Fletch slices down Kotey
HERVEY Bay's Australian middleweight champion Jarrod Fletcher chalked up the 10th KO of his 17-bout professional career after he hammered Ghanaian Philip Kotey in Brisbane on Thursday night.
It took Fletcher, No.4 in the World Boxing Association rankings, only six rounds to bring Kotey's three-year unbeaten record to a crashing halt after a barrage of punches left him trapped on the ropes.
The referee had seen enough, and stepped in to stop the one-sided affair.
"Left Jab" as Fletcher is known in the fight game, had already put Kotey, a winner of his previous seven bouts, including six by KO, on the canvas in the third round.
The dominant performance means Fletcher has now won 16 of his 17 bouts since he joined the fight for pay ranks after the captaining the Australian boxing team at the Beijing Olympics.
Although he won the fight with ease, Fletcher did spill plenty of blood after a nasty head clash opened up a cut just above his right eye - it looked like something out of a horror movie, but Fletcher said looks can be deceiving.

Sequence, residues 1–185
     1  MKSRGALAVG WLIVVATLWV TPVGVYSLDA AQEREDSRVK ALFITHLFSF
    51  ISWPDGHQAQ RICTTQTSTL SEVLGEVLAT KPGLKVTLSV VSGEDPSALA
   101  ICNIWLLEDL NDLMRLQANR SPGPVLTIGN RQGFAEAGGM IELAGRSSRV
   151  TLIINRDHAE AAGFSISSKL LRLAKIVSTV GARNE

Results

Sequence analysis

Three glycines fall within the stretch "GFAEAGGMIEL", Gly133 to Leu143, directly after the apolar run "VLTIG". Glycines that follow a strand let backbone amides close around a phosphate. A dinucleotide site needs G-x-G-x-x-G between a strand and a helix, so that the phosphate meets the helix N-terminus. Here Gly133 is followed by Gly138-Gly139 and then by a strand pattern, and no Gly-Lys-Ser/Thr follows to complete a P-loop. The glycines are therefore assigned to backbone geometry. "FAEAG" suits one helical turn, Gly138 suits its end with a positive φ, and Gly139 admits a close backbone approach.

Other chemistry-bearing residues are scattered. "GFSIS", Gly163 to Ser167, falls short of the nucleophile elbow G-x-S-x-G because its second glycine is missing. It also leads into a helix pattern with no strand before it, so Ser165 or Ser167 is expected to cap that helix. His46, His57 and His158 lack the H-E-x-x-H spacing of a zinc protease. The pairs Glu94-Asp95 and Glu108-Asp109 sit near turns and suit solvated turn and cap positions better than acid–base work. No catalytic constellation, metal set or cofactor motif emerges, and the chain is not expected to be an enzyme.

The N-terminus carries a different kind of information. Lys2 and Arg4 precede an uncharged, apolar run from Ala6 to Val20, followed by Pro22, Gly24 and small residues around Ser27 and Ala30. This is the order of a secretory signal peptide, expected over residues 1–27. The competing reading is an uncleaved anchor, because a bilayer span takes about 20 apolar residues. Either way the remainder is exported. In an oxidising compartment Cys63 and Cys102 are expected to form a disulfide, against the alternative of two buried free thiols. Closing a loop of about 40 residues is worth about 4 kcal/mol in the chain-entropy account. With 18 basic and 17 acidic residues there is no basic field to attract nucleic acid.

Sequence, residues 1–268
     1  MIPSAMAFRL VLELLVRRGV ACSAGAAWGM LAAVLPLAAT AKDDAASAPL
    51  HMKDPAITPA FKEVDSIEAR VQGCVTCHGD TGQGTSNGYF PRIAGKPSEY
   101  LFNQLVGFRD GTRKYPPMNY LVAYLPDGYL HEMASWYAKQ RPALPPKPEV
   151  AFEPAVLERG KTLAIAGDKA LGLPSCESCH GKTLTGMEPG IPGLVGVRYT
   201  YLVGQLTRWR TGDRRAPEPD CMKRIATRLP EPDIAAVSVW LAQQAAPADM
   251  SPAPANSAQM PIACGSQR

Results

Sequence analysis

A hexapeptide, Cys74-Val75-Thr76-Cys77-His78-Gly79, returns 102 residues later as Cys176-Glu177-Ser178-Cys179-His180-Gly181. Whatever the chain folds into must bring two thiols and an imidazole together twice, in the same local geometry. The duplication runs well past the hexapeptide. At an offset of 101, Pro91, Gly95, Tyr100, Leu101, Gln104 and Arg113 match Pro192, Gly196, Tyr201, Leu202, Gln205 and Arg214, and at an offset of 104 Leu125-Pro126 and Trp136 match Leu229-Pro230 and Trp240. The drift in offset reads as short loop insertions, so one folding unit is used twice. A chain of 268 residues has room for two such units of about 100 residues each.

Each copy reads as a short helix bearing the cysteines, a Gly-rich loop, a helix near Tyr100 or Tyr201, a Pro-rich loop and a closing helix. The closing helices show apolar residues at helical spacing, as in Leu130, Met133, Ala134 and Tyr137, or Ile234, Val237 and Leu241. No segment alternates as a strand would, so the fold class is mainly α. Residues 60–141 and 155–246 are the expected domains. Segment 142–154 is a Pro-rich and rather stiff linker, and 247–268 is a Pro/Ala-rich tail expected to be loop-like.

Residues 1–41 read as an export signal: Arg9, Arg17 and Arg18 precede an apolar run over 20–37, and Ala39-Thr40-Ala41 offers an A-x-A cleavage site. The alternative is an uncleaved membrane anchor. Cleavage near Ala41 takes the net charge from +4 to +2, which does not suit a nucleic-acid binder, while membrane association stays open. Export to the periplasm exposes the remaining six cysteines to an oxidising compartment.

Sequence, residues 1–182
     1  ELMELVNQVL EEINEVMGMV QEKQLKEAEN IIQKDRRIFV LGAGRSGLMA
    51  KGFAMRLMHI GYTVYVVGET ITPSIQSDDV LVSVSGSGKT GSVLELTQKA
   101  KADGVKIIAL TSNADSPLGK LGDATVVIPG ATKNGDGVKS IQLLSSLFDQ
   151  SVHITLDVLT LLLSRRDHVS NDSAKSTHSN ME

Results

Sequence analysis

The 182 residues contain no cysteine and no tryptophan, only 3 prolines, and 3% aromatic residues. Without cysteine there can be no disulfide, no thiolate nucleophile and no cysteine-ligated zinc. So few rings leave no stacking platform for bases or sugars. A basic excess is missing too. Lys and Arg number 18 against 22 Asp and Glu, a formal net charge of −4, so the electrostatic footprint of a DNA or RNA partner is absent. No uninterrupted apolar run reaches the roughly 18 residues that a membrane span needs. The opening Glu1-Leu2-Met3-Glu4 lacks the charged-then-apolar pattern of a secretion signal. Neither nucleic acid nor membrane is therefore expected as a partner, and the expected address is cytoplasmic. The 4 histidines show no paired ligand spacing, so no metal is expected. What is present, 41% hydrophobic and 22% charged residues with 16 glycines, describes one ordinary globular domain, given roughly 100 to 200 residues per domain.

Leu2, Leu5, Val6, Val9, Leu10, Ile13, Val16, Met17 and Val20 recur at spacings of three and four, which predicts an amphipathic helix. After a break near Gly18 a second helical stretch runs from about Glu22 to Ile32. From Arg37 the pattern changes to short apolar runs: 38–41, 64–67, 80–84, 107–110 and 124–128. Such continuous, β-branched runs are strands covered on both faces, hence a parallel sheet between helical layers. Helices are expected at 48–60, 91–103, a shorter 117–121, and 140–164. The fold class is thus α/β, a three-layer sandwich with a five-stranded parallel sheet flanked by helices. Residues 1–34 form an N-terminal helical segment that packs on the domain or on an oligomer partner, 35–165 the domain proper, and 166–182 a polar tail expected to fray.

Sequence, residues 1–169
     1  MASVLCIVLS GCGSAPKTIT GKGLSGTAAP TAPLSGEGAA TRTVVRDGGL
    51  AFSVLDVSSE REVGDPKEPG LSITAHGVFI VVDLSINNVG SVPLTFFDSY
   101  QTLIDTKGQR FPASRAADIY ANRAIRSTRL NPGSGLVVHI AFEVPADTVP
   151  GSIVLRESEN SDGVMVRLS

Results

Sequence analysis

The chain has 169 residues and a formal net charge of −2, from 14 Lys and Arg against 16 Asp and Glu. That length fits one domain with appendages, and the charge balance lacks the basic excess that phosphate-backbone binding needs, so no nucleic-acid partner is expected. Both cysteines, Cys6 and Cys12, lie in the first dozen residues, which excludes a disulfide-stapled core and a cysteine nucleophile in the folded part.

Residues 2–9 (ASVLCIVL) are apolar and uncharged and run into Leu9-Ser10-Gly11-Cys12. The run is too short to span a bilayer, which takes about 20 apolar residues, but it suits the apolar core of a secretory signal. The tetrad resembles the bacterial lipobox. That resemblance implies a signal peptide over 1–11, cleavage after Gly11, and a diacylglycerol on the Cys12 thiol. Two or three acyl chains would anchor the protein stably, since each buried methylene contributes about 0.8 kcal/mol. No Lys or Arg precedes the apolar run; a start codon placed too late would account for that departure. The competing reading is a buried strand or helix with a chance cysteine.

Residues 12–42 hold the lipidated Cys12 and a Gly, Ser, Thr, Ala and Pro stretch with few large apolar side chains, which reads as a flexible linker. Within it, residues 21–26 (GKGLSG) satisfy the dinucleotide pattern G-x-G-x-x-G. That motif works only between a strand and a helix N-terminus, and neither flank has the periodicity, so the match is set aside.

"Mate, it's all good. I didn't need any stitches," Fletcher, who is also the Pan Asian Boxing Association champ, said.
"The doc said it will close up fine, and I am happy about that."
While he did not cop anything from Kotey in the bout, Fletcher was on the receiving end of a spray from the African after he'd won.
"He was carrying on like a right pork chop, saying 'it's not rugby, it's not rugby' suggesting I had held him a lot - I told him you don't hit people in the head when you play rugby," he said.
"I don't know what he was making a song and dance about. I just let him mouth off - it was embarrassing to be honest, mate."
As for his future plans, Fletcher said he was looking forward to enjoying a bit of down time with his young family before resuming training in about a week.
Although there is plenty of talk of Fletcher having a world title bout before the end of the year, he's not thinking about it - that's not his concern.
"I let my management take care of what happens next," he said.
"I'd love nothing more than to have a shot at a world title, but I cannot afford to solely focus on what might be in the future.
"I've got to concentrate on here and now, and take it one fight at a time against whoever that might be against."